The Silent Violence of the South

My grandfather was almost killed in a city at sunset. I never met him, but I remember my grandmother telling how he sometimes took t...


My grandfather was almost killed in a city at sunset.

I never met him, but I remember my grandmother telling how he sometimes took trips across the country. On many of these trips, he might find himself in a city he didn’t know, and he had to find accommodation before dark, because… well, he might find himself in a city when the sun was setting.

In cities at sunset, blacks were relatively free to move around during the day. But once the sun went down, they risked being arrested, beaten and sometimes killed, simply because of the color of their skin. Oklahoma City where I live now was one of those places. Sometimes the founders and leaders of the Sunset Cities tried to rationalize their treatment of people by talking about the threat of crime that followed black people. But really, it was just a way to keep people who looked like me in their place.

The story goes that one night my grandfather found himself in one of these towns. He had to keep driving for hours until he found a place that would allow him to spend the night. He never met a policeman, fortunately. If he had, he could have been arrested or killed. This is the kind of danger that black people in the American South have always faced – and this treatment didn’t stop with the passing of the Civil Rights Act in the 1960s.

Mamie Murray, the author's grandmother.
Mamie Murray, the author’s grandmother.

There have been the overt acts of violence, lynchings and racial massacres, which America is only beginning to accept. But for Americans whose skin has been kissed by the sun, there have always been other forms of violence.

There was the sexual violence inflicted on black women that happened far more often than was reported. There was the economic violence that pushed black children into underfunded and understaffed schools – and then people wondered why these children were doing so poorly in school, when in reality those in power had set the conditions that made it inevitable. But the most prevalent form of violence in the South was what I like to call silent malice. Let me explain.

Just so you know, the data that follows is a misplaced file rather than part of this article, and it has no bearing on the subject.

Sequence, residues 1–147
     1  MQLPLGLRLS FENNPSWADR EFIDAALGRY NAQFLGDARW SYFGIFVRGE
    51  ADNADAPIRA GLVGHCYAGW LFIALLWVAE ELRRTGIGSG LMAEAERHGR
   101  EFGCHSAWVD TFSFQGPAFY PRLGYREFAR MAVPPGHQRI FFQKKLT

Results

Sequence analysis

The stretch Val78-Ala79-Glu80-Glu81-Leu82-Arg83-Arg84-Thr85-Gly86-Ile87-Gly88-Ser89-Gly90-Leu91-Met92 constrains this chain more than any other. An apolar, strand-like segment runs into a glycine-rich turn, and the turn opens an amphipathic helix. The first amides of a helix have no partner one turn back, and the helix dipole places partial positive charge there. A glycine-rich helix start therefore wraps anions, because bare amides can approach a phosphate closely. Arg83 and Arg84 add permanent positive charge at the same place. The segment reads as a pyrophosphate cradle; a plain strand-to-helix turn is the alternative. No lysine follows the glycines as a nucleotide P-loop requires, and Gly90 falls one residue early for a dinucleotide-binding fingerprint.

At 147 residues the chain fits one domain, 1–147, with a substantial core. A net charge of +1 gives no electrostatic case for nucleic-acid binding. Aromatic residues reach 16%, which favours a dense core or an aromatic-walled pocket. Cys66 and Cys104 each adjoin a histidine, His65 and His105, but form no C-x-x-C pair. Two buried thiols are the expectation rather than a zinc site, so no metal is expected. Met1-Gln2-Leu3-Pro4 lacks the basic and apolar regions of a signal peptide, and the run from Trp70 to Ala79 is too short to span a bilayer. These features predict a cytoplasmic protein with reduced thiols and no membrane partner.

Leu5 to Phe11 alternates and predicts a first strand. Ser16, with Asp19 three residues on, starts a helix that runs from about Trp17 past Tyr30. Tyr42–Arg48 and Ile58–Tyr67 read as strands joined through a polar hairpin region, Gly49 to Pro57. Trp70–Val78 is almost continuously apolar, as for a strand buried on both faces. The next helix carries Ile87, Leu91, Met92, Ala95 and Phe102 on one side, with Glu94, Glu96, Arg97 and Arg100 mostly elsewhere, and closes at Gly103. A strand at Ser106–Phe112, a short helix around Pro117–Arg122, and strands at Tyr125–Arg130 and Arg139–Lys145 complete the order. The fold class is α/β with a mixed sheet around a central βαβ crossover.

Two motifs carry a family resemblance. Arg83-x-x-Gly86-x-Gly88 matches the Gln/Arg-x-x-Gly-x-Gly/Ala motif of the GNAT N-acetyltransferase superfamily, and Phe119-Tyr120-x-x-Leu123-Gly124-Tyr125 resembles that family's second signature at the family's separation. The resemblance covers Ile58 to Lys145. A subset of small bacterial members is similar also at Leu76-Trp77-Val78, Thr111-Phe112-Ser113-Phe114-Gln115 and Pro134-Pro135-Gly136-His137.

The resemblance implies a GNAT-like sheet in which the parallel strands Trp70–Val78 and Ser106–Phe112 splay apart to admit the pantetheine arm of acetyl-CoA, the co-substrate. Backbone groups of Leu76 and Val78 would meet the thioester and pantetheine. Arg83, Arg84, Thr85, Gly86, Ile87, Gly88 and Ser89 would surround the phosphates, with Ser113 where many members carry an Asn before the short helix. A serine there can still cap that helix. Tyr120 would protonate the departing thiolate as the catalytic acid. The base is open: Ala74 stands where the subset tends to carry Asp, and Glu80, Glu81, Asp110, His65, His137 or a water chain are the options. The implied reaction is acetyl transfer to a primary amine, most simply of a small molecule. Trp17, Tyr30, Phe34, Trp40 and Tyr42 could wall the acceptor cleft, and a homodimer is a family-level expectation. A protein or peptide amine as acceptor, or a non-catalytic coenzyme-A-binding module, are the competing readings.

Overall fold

My mother was born in an isolated community in southeastern Oklahoma. When I was in college, my mother was a student, and every summer she sent me to my grandmother, who still lived in this community, so that she could study. My cousins ​​and I would run around the country those summers, but whenever a white man visited my grandmother’s house, we had to be quiet and, as my grandmother said, “act as if we had A little common sense”. If we were ever in a store and encountered white people, even ones we didn’t know, we had to call them “Mr.” or “Miss”. Noticing that we didn’t express the same courtesy to black people, I once asked my grandmother why we had to do this.

“Well, baby,” she sighed, leaning back. “That’s how things are here. You’re from the city, so you don’t have to do this in town. But here you would get slapped, or worse, if you spoke to them differently.

I didn’t understand what she was trying to tell me then, but I understand now.

See, somewhere around 1865, after the Emancipation Proclamation and the 13th Amendment, white people – feeling that they no longer wielded as much power as before – created Black Codes.

“Black people know that if things get too upset, if they talk too loudly, physical violence isn’t far behind.”

“Across the South,” notes a report by the Vera Institute of Justice“Black codes were enacted that prohibit behaviors common to blacks, such as ‘walking aimlessly’ or ‘walking at night,’ hunting on Sundays, or settling on public or private land.”

These arbitrary laws paved the way for the rampant incarceration rate of black men in the South. And even after the end of Jim Crow, there was always an order to things.

The blacks were in a position of inferiority and the whites continued their reign of terror. This still manifests itself today in countless forms. The South has been slow to evolve. Southern racism ensues. The violence is rooted in the South; the same goes for the story of the loss.